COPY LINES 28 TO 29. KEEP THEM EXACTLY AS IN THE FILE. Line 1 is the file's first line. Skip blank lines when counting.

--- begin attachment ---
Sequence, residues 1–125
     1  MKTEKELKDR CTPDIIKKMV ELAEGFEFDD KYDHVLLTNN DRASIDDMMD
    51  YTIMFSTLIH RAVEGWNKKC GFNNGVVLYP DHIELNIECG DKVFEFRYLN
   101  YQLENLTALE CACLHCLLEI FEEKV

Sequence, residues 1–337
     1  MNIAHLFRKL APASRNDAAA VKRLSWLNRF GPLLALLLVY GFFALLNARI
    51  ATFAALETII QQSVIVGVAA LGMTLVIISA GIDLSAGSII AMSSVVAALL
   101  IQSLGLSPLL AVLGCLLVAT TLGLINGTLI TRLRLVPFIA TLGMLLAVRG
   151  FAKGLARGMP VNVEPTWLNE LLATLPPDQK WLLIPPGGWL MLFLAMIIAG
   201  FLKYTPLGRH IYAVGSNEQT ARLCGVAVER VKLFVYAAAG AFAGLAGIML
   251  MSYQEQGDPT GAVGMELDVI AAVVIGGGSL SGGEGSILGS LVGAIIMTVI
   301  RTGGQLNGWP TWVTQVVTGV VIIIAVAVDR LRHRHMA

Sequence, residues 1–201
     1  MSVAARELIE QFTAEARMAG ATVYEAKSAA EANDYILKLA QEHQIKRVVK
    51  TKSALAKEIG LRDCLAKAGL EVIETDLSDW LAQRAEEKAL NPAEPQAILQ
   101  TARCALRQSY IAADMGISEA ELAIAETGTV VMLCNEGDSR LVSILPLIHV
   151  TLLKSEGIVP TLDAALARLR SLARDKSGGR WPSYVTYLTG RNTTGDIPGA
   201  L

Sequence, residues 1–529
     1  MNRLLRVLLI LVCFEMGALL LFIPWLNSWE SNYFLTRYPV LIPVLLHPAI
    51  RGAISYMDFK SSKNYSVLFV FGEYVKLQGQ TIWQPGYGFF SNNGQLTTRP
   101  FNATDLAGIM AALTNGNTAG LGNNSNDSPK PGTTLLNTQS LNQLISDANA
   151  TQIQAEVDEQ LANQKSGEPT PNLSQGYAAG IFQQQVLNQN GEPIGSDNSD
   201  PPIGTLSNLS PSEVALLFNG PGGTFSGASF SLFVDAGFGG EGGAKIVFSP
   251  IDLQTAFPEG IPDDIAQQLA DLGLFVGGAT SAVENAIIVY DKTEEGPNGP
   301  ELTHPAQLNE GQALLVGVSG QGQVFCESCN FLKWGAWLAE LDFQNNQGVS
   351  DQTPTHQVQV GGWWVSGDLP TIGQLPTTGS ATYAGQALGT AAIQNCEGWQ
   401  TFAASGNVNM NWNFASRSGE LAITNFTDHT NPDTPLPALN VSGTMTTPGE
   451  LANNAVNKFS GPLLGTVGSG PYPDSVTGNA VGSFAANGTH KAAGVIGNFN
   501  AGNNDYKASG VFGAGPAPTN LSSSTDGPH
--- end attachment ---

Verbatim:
   401  TFAASGNVNM NWNFASRSGE LAITNFTDHT NPDTPLPALN VSGTMTTPGE
   451  LANNAVNKFS GPLLGTVGSG PYPDSVTGNA VGSFAANGTH KAAGVIGNFN